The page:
Port Kembla outer harbor development



Ray Smith, business development manager, Port Kembla Port Corporation, New South Wales, Australia


Expanding port facilities within the confines of two breakwaters and limited port land is a challenge faced by Port Kembla Port Corporation. Port Kembla is located on the east coast of Australia, just 60 kilometers south of Sydney, and is confronted by increasing international trade demand which can only be met by construction of new port infrastructure. The challenge facing the port is how to design and build these facilities within the existing boundaries of the port. The solution, notwithstanding the many technical challenges, is the development of seven new berths and  approximately 45 hectares of reclaimed land.


Port Kembla is a major Australian industrial port, which traditionally serviced the local steel, coal and grain export trades. All of these existing facilities are located in the main hub of the inner harbor. Construction began in the 1950s, when BHP Steel expanded their steel plant located on the south side of the port. Over the years a coal export facility (17 megatonnes per year capacity), a bulk grain terminal (up to 5 megatonnes per year) were constructed.

Construction of three new berths and 45 hectares of terminal area for motor vehicle imports, containers and heavy project cargoes was completed in 2007. There were approximately 380 RoRo and other small liner trade vessels calls in the year 2011 to this terminal. With this most recent expansion, future development in the inner harbor is effectively limited by lack of foreshore land and future growth will focus on the outer harbor.

Drivers for expansion

The major container terminal for New South Wales is Sydney’s Port Botany with historical growth of 7 percent per annum. At some point in the next 10 to 15 years this facility will reach capacity at which time Port Kembla is ideally placed to provide the additional capacity to service both the major consumer markets of Sydney and southern New South Wales. Long-term, a four berth facility of 1,200 meter berth line will be constructed in the outer harbor area with a minimum of 1.2 million TEU per year and the capability to handle up to 8,000 TEU vessels. The increasing international demand for Australian minerals has resulted in proposals for development of new mines along the eastern seaboard including iron ore, bauxite and coal. Port Kembla is gearing up to meet this demand by the construction of three berths with at least one berth capable of handling capesize vessels.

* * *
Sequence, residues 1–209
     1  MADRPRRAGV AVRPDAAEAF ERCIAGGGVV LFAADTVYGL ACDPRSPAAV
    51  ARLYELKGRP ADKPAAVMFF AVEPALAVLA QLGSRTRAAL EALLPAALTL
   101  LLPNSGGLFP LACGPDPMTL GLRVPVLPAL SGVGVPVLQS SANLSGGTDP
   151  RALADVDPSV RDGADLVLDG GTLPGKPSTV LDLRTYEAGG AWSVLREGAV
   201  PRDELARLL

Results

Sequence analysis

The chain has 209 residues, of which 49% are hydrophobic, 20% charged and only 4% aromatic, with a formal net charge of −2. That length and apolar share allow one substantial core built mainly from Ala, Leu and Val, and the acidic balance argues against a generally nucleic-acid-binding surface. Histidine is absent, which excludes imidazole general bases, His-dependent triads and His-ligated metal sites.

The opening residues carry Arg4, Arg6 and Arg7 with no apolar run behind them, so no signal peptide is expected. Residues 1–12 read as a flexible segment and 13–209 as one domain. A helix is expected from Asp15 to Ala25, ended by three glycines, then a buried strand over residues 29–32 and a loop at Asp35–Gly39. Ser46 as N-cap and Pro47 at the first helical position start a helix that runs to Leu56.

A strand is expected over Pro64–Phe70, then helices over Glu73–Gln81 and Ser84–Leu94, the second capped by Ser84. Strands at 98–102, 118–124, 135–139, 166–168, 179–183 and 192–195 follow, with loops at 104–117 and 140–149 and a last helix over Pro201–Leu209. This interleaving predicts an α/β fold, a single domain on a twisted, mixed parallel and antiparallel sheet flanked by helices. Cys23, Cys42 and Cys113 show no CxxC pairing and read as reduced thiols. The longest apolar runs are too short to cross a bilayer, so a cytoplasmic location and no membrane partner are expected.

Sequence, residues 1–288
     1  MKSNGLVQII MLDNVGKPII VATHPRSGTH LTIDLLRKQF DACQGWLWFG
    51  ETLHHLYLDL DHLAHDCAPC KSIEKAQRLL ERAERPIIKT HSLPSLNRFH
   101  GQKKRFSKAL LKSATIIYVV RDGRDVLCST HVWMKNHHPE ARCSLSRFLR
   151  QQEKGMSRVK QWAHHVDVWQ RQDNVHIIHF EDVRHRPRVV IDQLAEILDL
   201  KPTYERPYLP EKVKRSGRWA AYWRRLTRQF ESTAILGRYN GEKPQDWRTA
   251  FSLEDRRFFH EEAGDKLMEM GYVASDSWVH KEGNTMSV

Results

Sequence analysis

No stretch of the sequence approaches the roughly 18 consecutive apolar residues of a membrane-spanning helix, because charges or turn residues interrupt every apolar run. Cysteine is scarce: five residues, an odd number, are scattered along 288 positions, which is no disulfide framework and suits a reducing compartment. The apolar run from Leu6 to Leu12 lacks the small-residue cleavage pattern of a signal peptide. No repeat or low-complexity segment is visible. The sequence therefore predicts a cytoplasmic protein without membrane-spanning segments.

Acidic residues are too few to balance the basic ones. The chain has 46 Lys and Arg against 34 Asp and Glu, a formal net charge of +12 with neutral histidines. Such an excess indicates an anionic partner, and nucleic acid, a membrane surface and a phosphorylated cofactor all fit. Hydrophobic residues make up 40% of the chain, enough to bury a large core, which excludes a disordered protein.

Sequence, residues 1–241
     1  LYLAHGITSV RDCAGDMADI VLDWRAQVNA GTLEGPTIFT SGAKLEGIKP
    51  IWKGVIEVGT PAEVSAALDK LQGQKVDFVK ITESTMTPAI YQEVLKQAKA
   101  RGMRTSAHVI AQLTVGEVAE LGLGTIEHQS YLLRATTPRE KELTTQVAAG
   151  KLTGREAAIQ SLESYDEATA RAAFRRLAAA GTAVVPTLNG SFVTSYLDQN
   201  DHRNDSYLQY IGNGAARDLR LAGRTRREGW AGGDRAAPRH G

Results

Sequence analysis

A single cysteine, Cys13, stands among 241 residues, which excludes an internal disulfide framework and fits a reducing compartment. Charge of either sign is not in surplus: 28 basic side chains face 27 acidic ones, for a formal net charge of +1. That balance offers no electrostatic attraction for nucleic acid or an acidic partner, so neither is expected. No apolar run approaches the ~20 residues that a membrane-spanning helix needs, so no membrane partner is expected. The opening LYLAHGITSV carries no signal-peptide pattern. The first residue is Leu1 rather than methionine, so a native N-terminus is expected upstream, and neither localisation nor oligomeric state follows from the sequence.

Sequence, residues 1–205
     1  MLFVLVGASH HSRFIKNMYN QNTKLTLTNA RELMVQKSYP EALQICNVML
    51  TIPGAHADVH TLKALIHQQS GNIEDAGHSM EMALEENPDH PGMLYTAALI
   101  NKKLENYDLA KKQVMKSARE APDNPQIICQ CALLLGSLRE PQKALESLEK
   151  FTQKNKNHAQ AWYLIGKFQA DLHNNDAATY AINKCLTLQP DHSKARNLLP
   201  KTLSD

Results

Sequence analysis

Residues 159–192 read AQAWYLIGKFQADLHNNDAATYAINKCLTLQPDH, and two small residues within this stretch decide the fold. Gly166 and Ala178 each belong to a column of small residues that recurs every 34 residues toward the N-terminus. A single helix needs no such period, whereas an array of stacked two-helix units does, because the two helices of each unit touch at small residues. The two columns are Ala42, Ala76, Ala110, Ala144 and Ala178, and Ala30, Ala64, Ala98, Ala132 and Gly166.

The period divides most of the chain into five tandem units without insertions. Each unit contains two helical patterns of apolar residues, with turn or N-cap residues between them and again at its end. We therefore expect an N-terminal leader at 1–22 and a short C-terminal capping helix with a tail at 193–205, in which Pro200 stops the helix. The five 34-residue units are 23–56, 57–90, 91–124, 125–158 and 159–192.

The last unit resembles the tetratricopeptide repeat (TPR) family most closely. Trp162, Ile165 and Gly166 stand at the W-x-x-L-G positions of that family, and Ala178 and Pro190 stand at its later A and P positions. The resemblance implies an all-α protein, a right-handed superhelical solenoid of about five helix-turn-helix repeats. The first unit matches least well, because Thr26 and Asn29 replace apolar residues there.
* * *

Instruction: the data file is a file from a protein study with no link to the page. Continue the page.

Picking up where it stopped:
Design Parameters

The challenge facing the port was to maximize the number of berths and supporting land area within the confines of the outer harbor port boundaries which consists of 140 hectares of water and 25 hectares of port owned foreshore land. The shipping channel to access to the inner harbor area must also be maintained to enable safe passage for capsize vessels up to 300 meters in length. A navigational channel, sufficiently wide enough to complete the 100 degree starboard turn after clearing the northern breakwater on entering the port, is a necessity. This section of the port, despite the protection of the two breakwaters can be affected by some short and long period wave effects, particularly when offshore weather depressions sweep in from the north east.

A number of hydrodynamic and engineering studies have been undertaken by AECOM, to model wave behaviour and to determine the optimal bearing of berth lines to minimize the effects of dynamic waves. It was found that a major contributor was seiching, resulting from waves reflected off the shoreline outside the northern breakwater. As a result, berth lines were defined to counter or at least minimize this effect.

Simulation studies were also conducted by experienced Port Kembla pilots to understand risk factors in handling capsize vessels within the confines of the newly defined shipping channels, given various scenarios of weather, tug usage and vessel characteristics. The end result of these studies determined the layout of channel access required to access both the inner harbor and new outer harbor berths, subject to pilotage operations. This then defined the amount of land reclamation that could be constructed without infringing on the channel zones.

Supporting rail infrastructure

The Port Corporation owns the rail infrastructure within the port environs both within the inner and outer harbor areas. The inner harbor consists of rail receival stations for both coal and grain with approximately 60 percent of export coal and grain received by rail.

The rail infrastructure in the outer harbor is typically 50 years old, supporting the original port operations over six timber jetties constructed from the 1920s to the 1960s. Many of these jetties have already been decommissioned and the remaining three will be subsumed into the new development over the next 10 years. Design of the outer harbor rail infrastructure with capacity to handle 90 percent of both the bulk and container capacity of the terminal is underway. Bulk trains up to 1 kilometer in length will discharge at one of two dump stations and convey to undercover storage sheds.

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